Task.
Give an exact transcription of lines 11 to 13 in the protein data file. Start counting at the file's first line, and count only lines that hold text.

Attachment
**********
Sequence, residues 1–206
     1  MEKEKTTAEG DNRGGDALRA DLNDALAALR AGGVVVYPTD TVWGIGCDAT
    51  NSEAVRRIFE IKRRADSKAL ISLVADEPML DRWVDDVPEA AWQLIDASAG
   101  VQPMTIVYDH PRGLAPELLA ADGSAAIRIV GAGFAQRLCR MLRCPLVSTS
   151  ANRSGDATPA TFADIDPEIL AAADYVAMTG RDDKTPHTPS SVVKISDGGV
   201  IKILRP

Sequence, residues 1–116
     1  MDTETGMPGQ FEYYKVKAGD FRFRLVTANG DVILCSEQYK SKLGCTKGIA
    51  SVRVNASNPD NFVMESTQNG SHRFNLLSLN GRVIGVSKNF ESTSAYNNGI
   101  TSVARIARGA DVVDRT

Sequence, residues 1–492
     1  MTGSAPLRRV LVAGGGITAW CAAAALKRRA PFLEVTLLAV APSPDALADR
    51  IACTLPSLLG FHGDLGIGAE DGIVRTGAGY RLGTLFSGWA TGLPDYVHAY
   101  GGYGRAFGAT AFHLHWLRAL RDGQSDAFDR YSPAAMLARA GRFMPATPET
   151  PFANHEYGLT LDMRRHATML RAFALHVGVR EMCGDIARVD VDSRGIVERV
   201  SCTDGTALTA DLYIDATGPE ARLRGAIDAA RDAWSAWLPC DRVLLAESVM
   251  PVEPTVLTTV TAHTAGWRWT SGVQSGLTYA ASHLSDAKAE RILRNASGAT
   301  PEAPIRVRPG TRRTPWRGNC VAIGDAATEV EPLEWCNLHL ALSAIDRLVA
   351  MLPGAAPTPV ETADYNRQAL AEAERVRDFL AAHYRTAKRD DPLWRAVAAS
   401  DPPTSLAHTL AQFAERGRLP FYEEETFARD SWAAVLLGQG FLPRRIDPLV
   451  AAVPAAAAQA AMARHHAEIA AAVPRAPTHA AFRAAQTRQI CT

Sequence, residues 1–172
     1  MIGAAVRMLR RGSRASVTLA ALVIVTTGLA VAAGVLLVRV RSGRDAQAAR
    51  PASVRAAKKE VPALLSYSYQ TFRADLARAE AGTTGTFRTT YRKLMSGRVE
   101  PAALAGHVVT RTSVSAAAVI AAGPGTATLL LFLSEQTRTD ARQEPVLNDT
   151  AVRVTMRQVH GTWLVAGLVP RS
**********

Sequence, residues 1–492
     1  MTGSAPLRRV LVAGGGITAW CAAAALKRRA PFLEVTLLAV APSPDALADR
    51  IACTLPSLLG FHGDLGIGAE DGIVRTGAGY RLGTLFSGWA TGLPDYVHAY